The applicant's submissions

[15]  It is submitted that the primary judge gave overwhelming weight to the respondent's "contractual rights" and failed to attribute sufficient weight or to take properly into account:

(a)The applicant's lack of personal fault;

(b)The absence of "real delay";

(c)The absence of prejudice to the respondent;

(d)The circumstances in which proceedings were not instituted within time and the mistaken belief of the applicant's solicitors that proceedings had been commenced;

(e)The object of the discretion which is to "ensure that claims could be decided fairly on their merits."

The respondent's submissions

[16]  The primary judge gave express consideration in his reasons to the matters relied on by the applicant on appeal, accepting them as "salient features".  The primary judge held, in effect, that these features did not displace the considerations that:

(a)By granting the relief sought the respondent would be deprived of its limitations defence;

(b)There was a binding agreement "as to the date for the filing of a Claim and Statement of Claim which should be honoured";

(c)The applicant failed to commence proceedings within the agreed time; and

(d)The consent order operated as a binding contract and the favourable exercise of a discretion under s 59 would "in effect, set aside an agreement reached between the parties".

Consideration

[17]  There was no challenge to the finding that the filing of the Claim and Statement of Claim was not effected within time.  In any event it was correct.  A document filed personally or by post is "filed when the registrar records the document and stamps the seal of the court on it."[2]  The primary judge was rightly concerned with the inadequacy of the evidence about the cause of the failure of the attempted filing but found that there was an attempt at filing.  The respondent took no issue on the appeal with the circumstances of the unsuccessful filing.

[18]  With respect, the conclusion that the granting of leave would have the effect of destroying the respondent's contractual rights under the consent order is incorrect.  It is convenient to repeat paragraph 1 of the order:

"1.That the Applicant be granted leave to initiate proceedings, pursuant to section 43 of the Personal Injuries Proceedings Act 2002 (Qld) against the Respondent for damages for personal injuries allegedly sustained on 14 August 2004, with such proceedings to be filed on or before 14 August 2007."  (emphasis added)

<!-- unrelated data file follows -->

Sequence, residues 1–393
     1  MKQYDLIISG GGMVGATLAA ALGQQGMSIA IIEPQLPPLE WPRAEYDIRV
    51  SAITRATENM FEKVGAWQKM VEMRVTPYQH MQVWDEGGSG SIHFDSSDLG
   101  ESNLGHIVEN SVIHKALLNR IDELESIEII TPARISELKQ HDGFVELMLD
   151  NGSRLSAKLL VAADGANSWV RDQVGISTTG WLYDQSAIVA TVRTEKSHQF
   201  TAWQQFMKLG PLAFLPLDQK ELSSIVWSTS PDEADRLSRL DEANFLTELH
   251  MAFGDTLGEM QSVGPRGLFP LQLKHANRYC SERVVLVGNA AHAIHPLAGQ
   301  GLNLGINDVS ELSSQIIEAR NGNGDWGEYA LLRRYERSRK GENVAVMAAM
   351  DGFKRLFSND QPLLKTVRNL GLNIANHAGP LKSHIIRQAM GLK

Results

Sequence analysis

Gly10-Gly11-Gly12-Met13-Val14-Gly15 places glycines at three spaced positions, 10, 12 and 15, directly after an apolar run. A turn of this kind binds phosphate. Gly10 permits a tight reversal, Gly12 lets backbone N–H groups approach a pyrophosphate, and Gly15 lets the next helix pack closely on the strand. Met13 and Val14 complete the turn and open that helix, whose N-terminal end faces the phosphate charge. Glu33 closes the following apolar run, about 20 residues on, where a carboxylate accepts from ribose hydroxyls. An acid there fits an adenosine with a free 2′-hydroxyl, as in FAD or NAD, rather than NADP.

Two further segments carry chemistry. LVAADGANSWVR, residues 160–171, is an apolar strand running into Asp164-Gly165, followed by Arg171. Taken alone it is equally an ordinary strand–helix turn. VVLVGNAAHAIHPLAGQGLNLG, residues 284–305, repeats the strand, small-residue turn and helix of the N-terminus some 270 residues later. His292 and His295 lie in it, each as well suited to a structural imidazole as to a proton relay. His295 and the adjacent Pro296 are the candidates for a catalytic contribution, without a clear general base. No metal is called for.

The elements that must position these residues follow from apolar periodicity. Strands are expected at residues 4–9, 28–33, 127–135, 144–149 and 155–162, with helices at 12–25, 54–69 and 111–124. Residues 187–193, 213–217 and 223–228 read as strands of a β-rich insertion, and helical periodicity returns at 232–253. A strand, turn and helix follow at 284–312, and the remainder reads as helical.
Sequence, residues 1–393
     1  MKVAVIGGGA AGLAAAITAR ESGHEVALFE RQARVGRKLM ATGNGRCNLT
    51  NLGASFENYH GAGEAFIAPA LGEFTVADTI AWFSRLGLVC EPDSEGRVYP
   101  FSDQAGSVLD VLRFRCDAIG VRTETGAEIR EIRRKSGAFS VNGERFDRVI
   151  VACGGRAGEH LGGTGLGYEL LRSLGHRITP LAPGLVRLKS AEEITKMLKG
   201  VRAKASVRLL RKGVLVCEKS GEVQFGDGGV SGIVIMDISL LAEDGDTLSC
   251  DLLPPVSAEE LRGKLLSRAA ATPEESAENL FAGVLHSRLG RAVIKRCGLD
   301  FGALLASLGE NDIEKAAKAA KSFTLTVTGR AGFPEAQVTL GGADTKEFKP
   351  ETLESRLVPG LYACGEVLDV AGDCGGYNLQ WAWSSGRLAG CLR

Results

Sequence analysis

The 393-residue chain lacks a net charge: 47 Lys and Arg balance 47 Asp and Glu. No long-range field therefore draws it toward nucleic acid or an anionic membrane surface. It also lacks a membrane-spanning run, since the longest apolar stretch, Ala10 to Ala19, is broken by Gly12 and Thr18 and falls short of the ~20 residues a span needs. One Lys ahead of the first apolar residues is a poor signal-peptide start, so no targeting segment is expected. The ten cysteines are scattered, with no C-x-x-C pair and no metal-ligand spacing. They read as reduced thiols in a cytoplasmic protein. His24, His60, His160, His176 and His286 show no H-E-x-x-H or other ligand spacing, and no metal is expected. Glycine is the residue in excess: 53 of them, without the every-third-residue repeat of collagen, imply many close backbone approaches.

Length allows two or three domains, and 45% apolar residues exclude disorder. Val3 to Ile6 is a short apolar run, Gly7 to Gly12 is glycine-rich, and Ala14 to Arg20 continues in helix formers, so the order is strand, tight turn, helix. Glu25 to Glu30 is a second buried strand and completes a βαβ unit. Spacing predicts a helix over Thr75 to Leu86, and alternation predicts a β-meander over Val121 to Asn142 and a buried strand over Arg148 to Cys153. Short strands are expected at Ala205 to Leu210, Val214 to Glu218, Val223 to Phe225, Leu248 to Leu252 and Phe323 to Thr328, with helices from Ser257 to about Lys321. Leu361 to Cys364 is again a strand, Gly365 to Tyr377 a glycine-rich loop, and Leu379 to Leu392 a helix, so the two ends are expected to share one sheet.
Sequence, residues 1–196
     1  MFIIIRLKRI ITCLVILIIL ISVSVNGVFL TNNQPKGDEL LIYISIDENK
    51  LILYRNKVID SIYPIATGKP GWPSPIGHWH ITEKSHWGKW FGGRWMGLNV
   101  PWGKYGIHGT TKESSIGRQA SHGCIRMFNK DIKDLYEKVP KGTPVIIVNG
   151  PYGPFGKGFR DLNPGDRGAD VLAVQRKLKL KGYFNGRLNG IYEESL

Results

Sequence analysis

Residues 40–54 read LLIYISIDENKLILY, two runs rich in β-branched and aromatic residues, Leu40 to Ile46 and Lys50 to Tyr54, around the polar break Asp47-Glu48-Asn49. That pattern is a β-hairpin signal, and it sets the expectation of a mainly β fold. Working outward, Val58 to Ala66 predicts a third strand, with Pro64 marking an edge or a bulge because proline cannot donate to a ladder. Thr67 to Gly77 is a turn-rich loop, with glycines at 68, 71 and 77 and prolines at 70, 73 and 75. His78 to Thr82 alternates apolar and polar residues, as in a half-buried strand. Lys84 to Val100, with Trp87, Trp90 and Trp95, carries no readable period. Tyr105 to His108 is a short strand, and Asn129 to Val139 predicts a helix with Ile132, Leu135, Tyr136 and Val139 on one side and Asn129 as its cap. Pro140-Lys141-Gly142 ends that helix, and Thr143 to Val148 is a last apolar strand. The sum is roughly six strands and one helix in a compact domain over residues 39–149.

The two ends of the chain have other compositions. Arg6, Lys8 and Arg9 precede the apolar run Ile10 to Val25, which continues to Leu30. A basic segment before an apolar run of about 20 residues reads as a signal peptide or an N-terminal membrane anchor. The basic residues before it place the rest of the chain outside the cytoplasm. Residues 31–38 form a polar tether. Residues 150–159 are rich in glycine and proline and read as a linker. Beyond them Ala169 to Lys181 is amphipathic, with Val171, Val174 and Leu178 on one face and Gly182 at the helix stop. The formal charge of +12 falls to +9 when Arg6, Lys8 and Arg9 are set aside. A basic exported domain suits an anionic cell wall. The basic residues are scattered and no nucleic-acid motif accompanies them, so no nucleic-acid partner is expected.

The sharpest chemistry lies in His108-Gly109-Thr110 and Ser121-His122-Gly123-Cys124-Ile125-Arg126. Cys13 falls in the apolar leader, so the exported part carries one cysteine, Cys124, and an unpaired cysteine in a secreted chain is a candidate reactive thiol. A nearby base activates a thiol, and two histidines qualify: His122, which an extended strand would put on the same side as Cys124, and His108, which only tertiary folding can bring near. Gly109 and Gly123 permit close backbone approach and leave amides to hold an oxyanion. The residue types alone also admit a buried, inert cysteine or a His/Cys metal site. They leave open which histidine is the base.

[19]  If, which I doubt, an agreement was embodied in the consent order, it was that the respondent consented to leave being granted pursuant to s 43 of the Act if proceedings were filed by the applicant on or before 14 August 2007.  The proceedings weren't so filed.  The consequence of this failure, on the construction of the order just advanced, was that no leave was given and the respondent was no longer bound to consent to an order that leave be given.  Another possible construction of the order is that it granted leave to the applicant to commence the proceeding and obliged him to file the Claim and Statement of Claim by the specified date.  On that construction, leave was given but the applicant was in breach of the obligation to file by the specified date.  The latter construction was not advanced or relied on by the parties.

[20]  Thus, on the construction which was common ground, all that resulted from the failure to file on or before the stipulated date, was that the applicant did not have leave to initiate proceedings or any continuing consent to the granting of leave and the applicant had to make a fresh application for leave if he wished to commence the proceeding.  The respondent was free to oppose any such application and there was no term of any agreement between the parties (if one existed) which governed whether or how any other application for leave under s 59 could be brought.  Consequently the granting of such leave by the Court would not have interfered with any of the respondent's contractual rights.

[21]  Counsel for the respondent argued that there was a contractual obligation on the applicant to file the "proceedings" by the stipulated date.  If that is correct, which I think unlikely, the applicant breached that obligation.  But the breach, if it existed, did no more than give the respondent the right to claim damages.  The applicant did not agree expressly or implicitly that if he failed to file the proceedings on or before the stipulated date he would not bring another application pursuant to s 43 or under some other provision of the Act.  Any such implied term would not meet the test propounded in Codelfa Construction Pty Ltd v State Rail Authority of New South Wales.[3]